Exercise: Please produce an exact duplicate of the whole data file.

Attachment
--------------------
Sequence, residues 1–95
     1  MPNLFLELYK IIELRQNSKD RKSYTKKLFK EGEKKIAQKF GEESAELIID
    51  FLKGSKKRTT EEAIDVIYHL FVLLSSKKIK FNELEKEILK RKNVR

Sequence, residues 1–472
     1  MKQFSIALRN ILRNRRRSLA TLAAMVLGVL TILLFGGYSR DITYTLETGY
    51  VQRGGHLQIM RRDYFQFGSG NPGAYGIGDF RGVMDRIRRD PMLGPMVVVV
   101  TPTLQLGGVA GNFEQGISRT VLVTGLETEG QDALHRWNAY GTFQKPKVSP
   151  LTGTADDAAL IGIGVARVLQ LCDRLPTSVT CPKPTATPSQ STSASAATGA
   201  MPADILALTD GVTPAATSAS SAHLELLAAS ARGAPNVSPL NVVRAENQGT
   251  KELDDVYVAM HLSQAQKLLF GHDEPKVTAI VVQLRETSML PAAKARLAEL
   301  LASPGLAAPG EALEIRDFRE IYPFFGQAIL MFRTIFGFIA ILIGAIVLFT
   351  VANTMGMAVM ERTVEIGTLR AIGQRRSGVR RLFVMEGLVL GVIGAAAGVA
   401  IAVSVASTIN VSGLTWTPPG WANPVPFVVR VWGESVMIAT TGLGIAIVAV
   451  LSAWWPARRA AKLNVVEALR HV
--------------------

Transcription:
Sequence, residues 1–95
     1  MPNLFLELYK IIELRQNSKD RKSYTKKLFK EGEKKIAQKF GEESAELIID
    51  FLKGSKKRTT EEAIDVIYHL FVLLSSKKIK FNELEKEILK RKNVR

Sequence, residues 1–472
     1  MKQFSIALRN ILRNRRRSLA TLAAMVLGVL TILLFGGYSR DITYTLETGY
    51  VQRGGHLQIM RRDYFQFGSG NPGAYGIGDF RGVMDRIRRD PMLGPMVVVV
   101  TPTLQLGGVA GNFEQGISRT VLVTGLETEG QDALHRWNAY GTFQKPKVSP
   151  LTGTADDAAL IGIGVARVLQ LCDRLPTSVT CPKPTATPSQ STSASAATGA
   201  MPADILALTD GVTPAATSAS SAHLELLAAS ARGAPNVSPL NVVRAENQGT
   251  KELDDVYVAM HLSQAQKLLF GHDEPKVTAI VVQLRETSML PAAKARLAEL
   301  LASPGLAAPG EALEIRDFRE IYPFFGQAIL MFRTIFGFIA ILIGAIVLFT
   351  VANTMGMAVM ERTVEIGTLR AIGQRRSGVR RLFVMEGLVL GVIGAAAGVA
   401  IAVSVASTIN VSGLTWTPPG WANPVPFVVR VWGESVMIAT TGLGIAIVAV
   451  LSAWWPARRA AKLNVVEALR HV